Papaya

Eating a papaya is like taking a trip to the tropics. Originating in Mexico, papaya is now grown in most warm cimates worldwide. There are many cultivars and hybrids of papaya resulting in some variation in the size and shape of the fruit. Additionally, papaya flowers are male, female or bisexual and the fruits that develop from each of these flowers have somewhat different characteristics. Nowadays, for marketing purposes in this country, papayas are generally grouped into two catagories. Hawaiian or Brazillian varieties run smaller in size and are shipped in 10 lb flats. The flesh is bright yellow or pink, depending on variety, with small black seeds clustered in the center. Mexican papayas are much larger and can weigh up to 10 lbs each and are salmon pink in color. A properly ripened papaya is juicy and sweet. Papayas lead the pack when it comes to vitamin C, vitamin A, iron, niacin, calcium, folate, riboflavin, thiamine, potassium and fiber. Papaya also contains a beneficial enzyme, papain, which aids digestion.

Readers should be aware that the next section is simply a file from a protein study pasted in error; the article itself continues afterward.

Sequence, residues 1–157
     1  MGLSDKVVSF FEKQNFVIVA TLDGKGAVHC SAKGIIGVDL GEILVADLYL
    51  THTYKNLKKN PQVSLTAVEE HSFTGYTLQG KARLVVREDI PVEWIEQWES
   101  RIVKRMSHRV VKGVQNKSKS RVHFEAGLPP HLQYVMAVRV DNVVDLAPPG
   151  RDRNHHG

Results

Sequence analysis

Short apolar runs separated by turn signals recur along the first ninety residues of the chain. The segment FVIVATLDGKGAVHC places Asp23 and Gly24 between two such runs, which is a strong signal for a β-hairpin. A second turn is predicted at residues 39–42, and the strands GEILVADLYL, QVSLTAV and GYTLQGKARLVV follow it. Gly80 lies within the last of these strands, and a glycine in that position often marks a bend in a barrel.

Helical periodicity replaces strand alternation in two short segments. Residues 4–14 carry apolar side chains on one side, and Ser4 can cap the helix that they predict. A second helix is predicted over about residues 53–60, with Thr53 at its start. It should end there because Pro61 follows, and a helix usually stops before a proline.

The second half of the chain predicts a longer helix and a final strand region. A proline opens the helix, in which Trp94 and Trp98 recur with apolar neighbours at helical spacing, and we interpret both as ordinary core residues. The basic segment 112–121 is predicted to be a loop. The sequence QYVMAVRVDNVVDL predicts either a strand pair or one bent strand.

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  • Nutrition Info
  • Serving Size: 1/2 Papaya, 140g
  • Amount per serving
  • Calories: 70
  • Calories from fat: 0
  • Fat: 9g
  • Cholesterol: 0mg
  • Sodium: 10mg
  • Total Carbs: 19g
    • Fiber: 2g
    • Sugars: 0g
  • Protein: 0g
  • Vitamin A: 8%
  • Vitamin C: 150%
  • Calcium: 4%
  • Iron: 2%

Availability

Handling & Storage

Varieties

Available year round

Also Known As

  • Papaw
  • Pawpaw
  • Tree Melon
  • Mamao

Store at 50° F, ripen in a dark area at room temperature. The ripening process can be accelerated by placing it in a paper bag with a banana. Papayas bruise easily and should be handled gently.

 

  • Rainbow
  • Golden
  • Kapoho
  • Solo Sunrise

Recipes

No recipes are currently available for this item.